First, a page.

SilentRuse wrote:Question... Is there a place where writers share their complete/in progress work to be viewed and reviewed? Or is that just something that people do with people they are close with be it on this site or in their own personal life?


You might get a few different answers from others in the community (if they've read this far in the thread!).

If you are seeking a free (no cost to participate) community:

AbsoluteWrite.com has a forum area where any writing can be presented for constructive criticism and feedback from others, but a lot of writers have discovered that the morals of others are not at the same level, and their writing is frequently published independently by another forum member before they have the opportunity to publish it.

GoodReads.com is a very incestuous community that offers the same, and the same happens.

eFiction.com is a new indie fiction magazine (now with over 5,000 subscribers) that is subscriber driven. There is a Novel Editing section that a select few have access to where a novel can be posted for editing (in GoogleDocs) by other members of the community. eFiction is too new and too small right now to have had the trouble the two mentioned above have.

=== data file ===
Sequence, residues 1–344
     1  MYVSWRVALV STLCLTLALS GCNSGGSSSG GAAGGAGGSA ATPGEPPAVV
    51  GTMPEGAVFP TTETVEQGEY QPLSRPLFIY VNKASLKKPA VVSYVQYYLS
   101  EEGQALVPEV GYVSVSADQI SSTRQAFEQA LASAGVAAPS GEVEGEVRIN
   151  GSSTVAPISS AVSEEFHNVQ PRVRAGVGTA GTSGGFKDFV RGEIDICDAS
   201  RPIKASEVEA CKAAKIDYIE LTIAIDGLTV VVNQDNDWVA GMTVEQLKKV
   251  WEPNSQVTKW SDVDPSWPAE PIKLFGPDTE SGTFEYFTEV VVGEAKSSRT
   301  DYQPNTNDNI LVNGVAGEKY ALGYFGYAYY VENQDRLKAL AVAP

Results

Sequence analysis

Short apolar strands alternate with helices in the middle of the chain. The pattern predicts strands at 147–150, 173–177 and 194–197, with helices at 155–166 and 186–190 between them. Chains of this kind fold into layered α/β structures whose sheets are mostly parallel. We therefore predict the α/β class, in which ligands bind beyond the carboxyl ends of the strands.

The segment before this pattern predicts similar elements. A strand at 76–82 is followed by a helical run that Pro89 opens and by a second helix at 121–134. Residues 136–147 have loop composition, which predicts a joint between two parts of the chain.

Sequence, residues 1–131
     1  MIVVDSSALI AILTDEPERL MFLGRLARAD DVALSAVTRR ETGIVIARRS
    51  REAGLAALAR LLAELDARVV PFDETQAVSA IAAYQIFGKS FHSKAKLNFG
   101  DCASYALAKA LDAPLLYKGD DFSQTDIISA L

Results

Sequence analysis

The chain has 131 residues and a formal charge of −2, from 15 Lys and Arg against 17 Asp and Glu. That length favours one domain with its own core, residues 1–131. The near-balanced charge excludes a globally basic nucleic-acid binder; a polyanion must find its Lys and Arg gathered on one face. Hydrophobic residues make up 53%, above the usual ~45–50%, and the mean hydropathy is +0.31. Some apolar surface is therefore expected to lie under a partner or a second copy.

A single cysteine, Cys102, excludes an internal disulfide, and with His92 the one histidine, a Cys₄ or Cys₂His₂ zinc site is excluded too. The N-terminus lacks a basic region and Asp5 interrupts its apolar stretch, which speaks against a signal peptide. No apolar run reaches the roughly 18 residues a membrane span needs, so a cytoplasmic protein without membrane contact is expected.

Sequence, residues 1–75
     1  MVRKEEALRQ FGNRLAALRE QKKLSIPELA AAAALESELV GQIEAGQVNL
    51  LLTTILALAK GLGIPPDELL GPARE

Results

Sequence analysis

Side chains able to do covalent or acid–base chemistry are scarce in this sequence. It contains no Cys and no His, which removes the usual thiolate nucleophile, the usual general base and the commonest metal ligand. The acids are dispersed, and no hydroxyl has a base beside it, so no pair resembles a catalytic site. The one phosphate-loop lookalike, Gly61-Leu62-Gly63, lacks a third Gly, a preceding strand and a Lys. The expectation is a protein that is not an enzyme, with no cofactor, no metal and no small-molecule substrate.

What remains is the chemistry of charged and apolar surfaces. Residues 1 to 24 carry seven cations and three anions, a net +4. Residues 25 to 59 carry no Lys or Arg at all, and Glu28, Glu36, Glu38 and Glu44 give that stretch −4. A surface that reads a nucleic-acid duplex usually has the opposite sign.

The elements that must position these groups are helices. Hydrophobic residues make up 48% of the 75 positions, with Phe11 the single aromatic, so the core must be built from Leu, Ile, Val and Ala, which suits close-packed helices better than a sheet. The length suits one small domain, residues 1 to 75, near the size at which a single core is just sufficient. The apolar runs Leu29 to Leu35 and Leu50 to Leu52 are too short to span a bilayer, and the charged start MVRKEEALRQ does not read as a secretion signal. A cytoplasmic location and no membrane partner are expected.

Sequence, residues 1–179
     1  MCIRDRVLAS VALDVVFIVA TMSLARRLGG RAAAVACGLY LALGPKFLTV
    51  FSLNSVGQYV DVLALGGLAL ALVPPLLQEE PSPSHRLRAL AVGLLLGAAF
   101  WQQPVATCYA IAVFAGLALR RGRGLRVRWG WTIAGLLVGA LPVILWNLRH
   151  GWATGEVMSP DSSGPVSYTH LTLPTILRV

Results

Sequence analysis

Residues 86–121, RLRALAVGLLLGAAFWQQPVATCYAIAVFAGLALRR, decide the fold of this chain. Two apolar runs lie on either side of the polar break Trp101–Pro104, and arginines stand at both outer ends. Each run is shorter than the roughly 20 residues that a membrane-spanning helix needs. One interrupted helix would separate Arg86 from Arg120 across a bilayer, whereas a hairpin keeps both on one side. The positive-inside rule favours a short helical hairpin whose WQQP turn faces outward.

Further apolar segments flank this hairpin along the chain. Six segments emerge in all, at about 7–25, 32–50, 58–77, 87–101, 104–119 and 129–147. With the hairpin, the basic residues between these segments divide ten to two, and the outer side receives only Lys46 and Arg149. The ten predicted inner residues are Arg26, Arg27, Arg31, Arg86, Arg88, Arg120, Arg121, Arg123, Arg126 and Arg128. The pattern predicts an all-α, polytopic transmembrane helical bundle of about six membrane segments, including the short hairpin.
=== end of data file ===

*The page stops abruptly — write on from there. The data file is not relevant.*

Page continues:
My personal opinion is that your best bet is to find a local writing group. Maybe try http://meetup.com and search for "writing group" or "shut up and write".

If money is not an object, then consider signing up for an online writing workshop through a major company.

Tracy Hickman's Scribesforge is new and growing http://www.scribesforge.com, and that's a safe place to get your work reviewed with and by others.

Gotham Writers http://www.writingclasses.com is an excellent choice, along with other companies such as:
Writers Digest http://www.writersonlineworkshops.com
The Writers Store http://www.writersstore.com/courses
Writers.com http://www.writers.com/